Failure, large or small, will occur in every career. Outcomes we would have liked to be different contain valuable lessons for us all. Not getting a promotion or being made redundant are good examples. Most of us plan for the alternative outcome. The person with the greatest chance of succeeding in the future however, is the one who looks into the 'failed' outcome or event, seeking to understand it further.
Events like this - 'failures' as we are programmed to call them - can teach us where we went wrong and why. Under closer examination, such events create opportunities for future successes based on empirical, practical lessons that are also highly personal to us. In short, failures can author and enable genuine progress and they do so with a level of personally relevant insight hard to find in general examples or generic 'How-to' career texts.
So what can any of us do when faced with uncertainty or facing up to failure in our careers? Initially, the aim should be to understand our situation: How did we get here? What were our previous aims? Do we feel different about them now?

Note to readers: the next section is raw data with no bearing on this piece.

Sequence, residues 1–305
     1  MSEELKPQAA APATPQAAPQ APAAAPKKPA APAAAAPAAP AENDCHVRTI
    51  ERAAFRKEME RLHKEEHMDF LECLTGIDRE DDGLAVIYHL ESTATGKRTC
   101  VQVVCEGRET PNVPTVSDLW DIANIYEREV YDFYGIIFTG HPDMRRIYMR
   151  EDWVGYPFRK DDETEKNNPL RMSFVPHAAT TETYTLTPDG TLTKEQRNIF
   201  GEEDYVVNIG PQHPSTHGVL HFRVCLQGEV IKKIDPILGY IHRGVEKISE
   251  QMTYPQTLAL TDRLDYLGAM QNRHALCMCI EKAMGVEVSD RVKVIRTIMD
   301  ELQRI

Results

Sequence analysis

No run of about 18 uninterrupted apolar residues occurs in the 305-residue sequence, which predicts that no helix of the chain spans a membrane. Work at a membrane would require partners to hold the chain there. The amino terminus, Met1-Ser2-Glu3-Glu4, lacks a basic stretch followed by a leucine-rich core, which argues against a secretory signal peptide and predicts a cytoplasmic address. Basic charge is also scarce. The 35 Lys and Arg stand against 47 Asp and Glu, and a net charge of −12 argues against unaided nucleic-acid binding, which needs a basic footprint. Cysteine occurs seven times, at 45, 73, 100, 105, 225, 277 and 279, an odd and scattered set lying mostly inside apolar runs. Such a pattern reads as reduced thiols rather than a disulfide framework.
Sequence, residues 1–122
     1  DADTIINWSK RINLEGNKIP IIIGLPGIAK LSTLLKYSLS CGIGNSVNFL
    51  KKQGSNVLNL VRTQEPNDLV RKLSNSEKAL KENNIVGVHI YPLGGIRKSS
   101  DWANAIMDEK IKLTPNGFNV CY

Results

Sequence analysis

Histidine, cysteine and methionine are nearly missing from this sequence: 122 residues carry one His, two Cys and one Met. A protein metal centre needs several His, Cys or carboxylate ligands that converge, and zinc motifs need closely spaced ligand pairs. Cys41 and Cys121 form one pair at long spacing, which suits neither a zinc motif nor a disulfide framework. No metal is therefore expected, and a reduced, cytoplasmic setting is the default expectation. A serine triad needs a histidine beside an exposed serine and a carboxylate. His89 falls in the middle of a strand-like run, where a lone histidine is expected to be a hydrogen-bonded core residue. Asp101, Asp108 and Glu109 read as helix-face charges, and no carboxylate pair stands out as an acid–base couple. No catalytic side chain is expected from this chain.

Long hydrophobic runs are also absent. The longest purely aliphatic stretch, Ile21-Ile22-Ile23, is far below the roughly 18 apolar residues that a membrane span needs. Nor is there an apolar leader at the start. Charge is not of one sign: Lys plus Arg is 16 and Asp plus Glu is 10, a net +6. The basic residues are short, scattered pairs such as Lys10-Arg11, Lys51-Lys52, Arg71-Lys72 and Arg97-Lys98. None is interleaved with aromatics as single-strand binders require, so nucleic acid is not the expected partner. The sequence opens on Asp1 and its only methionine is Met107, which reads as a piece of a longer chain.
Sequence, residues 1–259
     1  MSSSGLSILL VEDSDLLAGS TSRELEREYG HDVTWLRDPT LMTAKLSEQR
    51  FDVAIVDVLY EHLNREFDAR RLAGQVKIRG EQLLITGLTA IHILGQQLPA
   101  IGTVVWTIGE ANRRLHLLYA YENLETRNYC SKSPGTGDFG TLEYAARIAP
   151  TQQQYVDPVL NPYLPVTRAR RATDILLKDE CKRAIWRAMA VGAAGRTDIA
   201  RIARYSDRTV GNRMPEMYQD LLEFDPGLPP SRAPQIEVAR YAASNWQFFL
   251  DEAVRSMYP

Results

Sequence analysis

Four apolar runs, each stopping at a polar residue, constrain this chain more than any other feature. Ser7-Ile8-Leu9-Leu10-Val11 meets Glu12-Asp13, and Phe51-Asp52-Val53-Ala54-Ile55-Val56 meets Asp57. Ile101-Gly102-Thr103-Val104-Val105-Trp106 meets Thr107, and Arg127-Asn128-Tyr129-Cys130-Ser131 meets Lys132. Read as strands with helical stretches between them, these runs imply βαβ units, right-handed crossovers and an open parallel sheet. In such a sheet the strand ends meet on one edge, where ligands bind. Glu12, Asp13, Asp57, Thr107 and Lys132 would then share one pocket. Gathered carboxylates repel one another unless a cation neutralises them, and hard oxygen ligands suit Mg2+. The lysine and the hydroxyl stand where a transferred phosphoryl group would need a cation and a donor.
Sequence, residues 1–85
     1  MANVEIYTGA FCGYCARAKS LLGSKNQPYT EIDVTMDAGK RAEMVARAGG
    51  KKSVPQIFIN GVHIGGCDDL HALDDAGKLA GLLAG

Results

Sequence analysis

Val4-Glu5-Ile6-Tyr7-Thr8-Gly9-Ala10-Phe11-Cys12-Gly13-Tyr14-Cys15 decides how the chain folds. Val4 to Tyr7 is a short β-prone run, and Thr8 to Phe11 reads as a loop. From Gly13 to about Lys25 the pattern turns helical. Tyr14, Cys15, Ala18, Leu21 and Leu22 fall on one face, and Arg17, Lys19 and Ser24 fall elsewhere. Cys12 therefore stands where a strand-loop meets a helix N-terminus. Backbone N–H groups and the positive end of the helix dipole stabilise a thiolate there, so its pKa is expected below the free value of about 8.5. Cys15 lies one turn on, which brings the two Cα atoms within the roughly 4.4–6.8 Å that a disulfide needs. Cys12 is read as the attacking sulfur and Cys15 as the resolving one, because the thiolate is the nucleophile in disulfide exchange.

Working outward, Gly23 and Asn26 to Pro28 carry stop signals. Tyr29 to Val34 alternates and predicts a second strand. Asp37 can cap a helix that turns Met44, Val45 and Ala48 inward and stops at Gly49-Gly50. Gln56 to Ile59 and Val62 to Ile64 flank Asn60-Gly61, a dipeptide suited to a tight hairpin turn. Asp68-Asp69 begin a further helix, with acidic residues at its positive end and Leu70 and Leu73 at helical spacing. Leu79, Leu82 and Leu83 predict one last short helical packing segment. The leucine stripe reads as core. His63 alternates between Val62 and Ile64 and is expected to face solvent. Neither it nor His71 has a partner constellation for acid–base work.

Understanding these questions begins to focus on our relationship with work. Exploring our values, talents and goals (see earlier posts for more details on these) continues this and prepares us for the future independently. In time, this externally tested, individual preparation helps us manage opportunities in the immediate future and give our preferences a better chance of coming out on top in the longer term.
Failure is essentially the title we give to our mistakes. Learning from failure can be a fast-track to identifying and defining personal success. Through the failures and mistakes that are inevitable in all of our careers, an insight into lasting satisfaction and fulfilment can be achieved.